When developing its new 2022 Porsche 911 GT3, engineers drove a prototype at a sustained 186 mph for a distance of approximately 3,100 miles, only coming to a stop whenever the car needed refueling.
The test, which took place at Italy's Nardo high-speed circuit, which Porsche happens to own, was just one of several key durability tests for the car, and in particular its 4.0-liter flat-6 engine. In fact, testing of the engine was even more rigorous. We're sure Porsche is still mindful of the engine fires that plagued early examples of the previous-generation 911 GT3.
In addition to the high-speed Nardo run, the engine in the new GT3 racked up more than 22,000 hours on Porsche's test rig. During these tests, the engineers repeatedly simulated runs the engine would experience at major racetracks, with the engine pressed to full throttle for a high proportion of the time, according to Porsche.
2022 Porsche 911 GT3
Luckily for the engineers, they had a good starting base as the engine in the GT3 is closely related to the unit used in the 911 GT3 R race car and almost identical to the one in the slightly tamer 911 GT3 Cup racer.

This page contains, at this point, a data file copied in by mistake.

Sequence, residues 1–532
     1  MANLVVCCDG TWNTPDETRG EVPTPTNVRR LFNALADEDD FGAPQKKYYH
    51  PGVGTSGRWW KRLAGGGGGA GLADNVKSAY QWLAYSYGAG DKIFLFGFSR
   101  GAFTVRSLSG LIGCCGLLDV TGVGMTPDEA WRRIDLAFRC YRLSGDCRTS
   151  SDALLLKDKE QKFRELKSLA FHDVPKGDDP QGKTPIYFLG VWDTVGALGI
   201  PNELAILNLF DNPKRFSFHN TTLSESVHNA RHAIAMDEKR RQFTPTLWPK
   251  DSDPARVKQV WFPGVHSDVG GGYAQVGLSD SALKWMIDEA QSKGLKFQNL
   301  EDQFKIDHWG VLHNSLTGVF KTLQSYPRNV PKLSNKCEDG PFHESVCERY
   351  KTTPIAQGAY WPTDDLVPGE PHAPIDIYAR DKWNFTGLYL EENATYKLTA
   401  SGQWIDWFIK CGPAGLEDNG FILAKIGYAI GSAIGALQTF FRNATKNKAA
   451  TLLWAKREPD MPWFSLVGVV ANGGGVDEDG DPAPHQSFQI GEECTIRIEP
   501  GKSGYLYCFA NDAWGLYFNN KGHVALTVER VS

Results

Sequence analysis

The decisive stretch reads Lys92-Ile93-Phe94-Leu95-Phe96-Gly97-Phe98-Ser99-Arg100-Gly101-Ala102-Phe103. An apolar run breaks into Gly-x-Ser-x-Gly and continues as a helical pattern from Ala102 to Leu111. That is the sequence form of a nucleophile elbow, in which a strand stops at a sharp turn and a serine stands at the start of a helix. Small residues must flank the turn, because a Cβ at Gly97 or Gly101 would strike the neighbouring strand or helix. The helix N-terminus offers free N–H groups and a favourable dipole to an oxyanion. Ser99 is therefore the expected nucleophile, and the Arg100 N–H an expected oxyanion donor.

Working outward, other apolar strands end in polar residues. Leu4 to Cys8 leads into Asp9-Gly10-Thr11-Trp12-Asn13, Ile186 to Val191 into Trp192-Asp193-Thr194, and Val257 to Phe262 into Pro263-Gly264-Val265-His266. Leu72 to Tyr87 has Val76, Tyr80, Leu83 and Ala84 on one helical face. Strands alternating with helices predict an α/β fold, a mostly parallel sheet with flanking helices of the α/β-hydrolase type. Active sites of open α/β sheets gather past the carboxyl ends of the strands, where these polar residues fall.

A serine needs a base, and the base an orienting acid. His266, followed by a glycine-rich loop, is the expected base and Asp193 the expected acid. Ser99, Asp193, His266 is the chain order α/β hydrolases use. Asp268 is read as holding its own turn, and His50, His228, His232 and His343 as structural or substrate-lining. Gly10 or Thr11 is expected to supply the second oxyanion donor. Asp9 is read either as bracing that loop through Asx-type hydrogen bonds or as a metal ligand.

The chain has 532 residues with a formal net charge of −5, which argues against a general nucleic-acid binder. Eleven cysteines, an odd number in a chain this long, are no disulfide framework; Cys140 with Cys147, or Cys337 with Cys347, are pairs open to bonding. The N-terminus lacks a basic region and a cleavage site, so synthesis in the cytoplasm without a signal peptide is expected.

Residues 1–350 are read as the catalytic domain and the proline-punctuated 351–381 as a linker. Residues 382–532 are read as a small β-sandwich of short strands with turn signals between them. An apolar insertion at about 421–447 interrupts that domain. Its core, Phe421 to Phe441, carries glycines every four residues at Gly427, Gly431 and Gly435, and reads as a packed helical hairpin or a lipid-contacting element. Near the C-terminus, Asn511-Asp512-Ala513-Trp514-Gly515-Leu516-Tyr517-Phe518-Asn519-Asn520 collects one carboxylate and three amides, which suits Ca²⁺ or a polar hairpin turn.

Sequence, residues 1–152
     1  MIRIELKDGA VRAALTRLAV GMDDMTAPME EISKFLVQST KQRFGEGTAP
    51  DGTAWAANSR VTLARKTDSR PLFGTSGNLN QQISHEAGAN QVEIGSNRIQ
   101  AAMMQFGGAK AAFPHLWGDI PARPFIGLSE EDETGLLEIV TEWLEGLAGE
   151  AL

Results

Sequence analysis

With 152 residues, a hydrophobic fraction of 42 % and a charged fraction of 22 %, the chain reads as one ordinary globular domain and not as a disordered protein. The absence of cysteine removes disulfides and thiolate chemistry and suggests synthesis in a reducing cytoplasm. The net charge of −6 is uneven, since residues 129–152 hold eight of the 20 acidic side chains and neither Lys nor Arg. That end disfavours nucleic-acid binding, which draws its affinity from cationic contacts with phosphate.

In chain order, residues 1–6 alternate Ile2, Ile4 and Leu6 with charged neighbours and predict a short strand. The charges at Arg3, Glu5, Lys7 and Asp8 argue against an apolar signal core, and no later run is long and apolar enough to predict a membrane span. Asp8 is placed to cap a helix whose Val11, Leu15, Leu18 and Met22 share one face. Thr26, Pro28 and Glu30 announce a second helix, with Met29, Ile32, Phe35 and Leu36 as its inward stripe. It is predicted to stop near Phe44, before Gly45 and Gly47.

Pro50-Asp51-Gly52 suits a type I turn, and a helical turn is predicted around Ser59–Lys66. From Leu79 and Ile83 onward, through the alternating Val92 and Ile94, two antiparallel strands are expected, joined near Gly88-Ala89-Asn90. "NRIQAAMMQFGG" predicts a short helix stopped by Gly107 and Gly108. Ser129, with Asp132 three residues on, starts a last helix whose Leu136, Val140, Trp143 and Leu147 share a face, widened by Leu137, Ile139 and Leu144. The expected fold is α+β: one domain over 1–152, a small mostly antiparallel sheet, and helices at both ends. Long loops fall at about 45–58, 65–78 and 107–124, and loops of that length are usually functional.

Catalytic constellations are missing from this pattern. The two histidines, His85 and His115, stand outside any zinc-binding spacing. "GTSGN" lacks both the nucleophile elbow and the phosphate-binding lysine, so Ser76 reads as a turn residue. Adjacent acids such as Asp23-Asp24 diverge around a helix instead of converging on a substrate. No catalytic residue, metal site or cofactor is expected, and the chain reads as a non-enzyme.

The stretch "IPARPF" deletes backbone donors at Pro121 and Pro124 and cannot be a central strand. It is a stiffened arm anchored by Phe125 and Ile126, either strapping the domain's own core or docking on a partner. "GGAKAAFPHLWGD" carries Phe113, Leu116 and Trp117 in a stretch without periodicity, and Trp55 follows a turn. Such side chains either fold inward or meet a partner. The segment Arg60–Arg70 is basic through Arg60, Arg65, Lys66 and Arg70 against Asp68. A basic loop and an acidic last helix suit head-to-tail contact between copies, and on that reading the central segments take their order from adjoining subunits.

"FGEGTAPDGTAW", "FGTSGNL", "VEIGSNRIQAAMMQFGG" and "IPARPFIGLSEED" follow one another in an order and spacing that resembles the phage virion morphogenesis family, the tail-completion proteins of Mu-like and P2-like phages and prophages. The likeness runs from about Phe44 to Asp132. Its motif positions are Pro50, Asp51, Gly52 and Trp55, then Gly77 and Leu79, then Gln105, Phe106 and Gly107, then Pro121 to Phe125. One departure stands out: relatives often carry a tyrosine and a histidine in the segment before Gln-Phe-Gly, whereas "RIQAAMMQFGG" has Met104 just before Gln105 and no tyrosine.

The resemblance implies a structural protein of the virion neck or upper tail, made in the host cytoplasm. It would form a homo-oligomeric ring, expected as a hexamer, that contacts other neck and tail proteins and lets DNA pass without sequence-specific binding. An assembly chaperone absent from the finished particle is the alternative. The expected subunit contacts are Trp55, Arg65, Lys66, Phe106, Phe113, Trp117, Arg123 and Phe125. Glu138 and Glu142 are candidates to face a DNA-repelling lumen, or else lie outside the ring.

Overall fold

In the GT3, the engine generates a peak 502 hp and 346 lb-ft of torque and willingly revs to 9,000 rpm. The output might not seem like much compared to modern supercars, but it's enough to hurtle the GT3 around the Nürburgring in under seven minutes.
The engine also features dry-sump lubrication but skips electronically controlled mounts as these were deemed to be not worth the added weight. It also offers sharp throttle response thanks to six independent throttle bodies, and it can be had with either a 6-speed manual or 7-speed dual-clutch unit, with the manual more popular with buyers, at least here in the United States.
2022 Porsche 911 GT3
Of course aerodynamics also has a major role to play in the performance of the GT3 (if in doubt, just take a look at the car's swan-neck rear wing). As a result, the car has spent more than 160 hours in the wind tunnel. Why so long? Because the engineers don't only test the car heading in straight line. They simulate every conceivable driving situation, adjusting the roll, pitch and yaw in order to simulate the different situations the car might experience on a track.
In the new GT3, both the rear wing and front splitter have four levels of adjustment. This will allow owners to switch between street and performance setups. The latter increases downforce by up to 150% over the outgoing GT3, and even the street setup generates about 50% more downforce than in the previous generation.